In 1994, I saw a job posting for a branch manager at a credit union, then known as NJ DOT Credit Union, and thought I should apply because it was close to home and I was intrigued to hear from my family member the positive things about credit unions. I was hired as a branch manager and am still here 25 years later as the executive vice president/chief operating officer.

We have gone through a lot of positive changes, including a name change. Now, we are known as the Credit Union of New Jersey. When I started, we were at $42 million in assets and 12,000 members. Now, we are at $340+ million in assets, and 38,000 members with 5 branches. It has been a rewarding experience. I am honored to be part of the credit union movement.

How can credit unions recruit young workers? Why is that important?

Soma Sarkar

Credit Union of New Jersey
EVP/COO, 2012-present
SVP of Operations, 2010-2012
VP of Operations, 2003-2010
Director of Branch Operations, 2000-2003
Branch Manager, 1994-2000

Sovereign Bank
RBS, 1986-1994

SS: Younger generations look for flexibility, stability, competitive salary, good benefits, and a culture that supports individual growth and recognition. Keeping this is mind, credit unions need to have a presence on social media like LinkedIn, Twitter, and Facebook. Younger generations spend a good amount of time on social media. They want to know and learn about the company they might select for their career; therefore, it is important for a credit to use multiple media channels.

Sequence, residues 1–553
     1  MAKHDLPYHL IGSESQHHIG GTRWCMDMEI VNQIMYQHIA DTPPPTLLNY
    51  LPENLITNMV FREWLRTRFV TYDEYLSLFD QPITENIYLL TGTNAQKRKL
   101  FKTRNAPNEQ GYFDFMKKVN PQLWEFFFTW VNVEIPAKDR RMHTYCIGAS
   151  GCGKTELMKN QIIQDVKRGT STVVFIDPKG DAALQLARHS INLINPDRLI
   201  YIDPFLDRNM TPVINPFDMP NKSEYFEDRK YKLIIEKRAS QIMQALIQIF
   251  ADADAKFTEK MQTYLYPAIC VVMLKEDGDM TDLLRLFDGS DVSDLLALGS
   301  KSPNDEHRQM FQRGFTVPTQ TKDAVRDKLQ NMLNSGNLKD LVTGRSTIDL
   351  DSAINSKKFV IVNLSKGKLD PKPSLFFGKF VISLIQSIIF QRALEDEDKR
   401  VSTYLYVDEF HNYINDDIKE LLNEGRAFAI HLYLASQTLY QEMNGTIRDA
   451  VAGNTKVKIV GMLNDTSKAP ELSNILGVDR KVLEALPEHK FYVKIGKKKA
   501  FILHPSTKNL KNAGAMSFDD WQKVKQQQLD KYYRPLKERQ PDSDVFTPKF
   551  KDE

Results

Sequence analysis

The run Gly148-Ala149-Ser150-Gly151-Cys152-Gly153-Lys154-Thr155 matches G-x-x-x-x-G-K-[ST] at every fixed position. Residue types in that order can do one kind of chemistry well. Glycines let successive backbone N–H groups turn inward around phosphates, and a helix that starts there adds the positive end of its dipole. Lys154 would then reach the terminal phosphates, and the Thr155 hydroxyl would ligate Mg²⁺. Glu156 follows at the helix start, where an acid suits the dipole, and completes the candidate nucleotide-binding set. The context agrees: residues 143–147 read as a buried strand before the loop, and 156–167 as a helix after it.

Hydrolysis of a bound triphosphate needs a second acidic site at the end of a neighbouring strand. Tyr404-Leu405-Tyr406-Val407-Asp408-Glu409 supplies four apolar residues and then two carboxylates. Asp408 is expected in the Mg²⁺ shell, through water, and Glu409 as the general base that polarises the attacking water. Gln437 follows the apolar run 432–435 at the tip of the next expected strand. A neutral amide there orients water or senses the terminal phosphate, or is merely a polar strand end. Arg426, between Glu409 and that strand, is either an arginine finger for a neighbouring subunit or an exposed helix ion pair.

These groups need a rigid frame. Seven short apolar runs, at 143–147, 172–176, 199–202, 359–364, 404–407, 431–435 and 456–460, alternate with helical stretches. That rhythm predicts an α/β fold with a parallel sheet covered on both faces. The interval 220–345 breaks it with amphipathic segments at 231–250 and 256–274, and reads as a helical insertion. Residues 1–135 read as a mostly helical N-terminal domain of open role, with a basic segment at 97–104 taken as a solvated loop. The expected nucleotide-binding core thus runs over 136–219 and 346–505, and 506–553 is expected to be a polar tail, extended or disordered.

It is important to recruit young workers because they can connect easily with young members. They are more flexible and easily adapt to technology. Also, we need more young people to know about credit unions, and by recruiting young workers, we are setting the stage to push the credit union movement forward in the future.

How would you “sell” a young executive on why they should enter the credit union field?

SS: It is important to sell your credit union’s value proposition. Also, how does the compensation compare to the market? Finally, talk to the young executive about the current executive team in place and how they work cohesively under the CEO’s leadership.

Silvia Rincon, Vice President of Communications and Brand Management, Latino Community Credit Union ($518.2M, Durham, NC)

Silvia Rincon, Vice President of Communications and Brand Management, Latino Community Credit Union

How did you get started in the credit union industry?

Silvia Rincon: When I first started working in finance, my familiarity with credit unions was somewhat limited. It wasn’t until I got my first auto loan at a credit union that I realized the value that financial cooperatives can offer their members. After seven years of working at a bank in Chicago, I made the transition to the credit union industry. I haven’t looked back once!

How can credit unions reach young workers? Why is that important?

SR: Our ability to recruit young workers rests in the nature of the work that we do in our community. Across the country, young people are increasingly dedicated to devoting their time and energy to make a positive socio-economic impact. When young job seekers research LCCU, they see we offer more than a paycheck. They see we offer the opportunity to engage in their communities and foster an inclusive economy that works for everyone. Recruitment, however, is just the beginning. Once newly hired employees arrive for their first day on the job, they realize everything they researched about LCCU is more than flashy marketing. We don’t just talk the talk. We walk the walk.

Silvia Rincon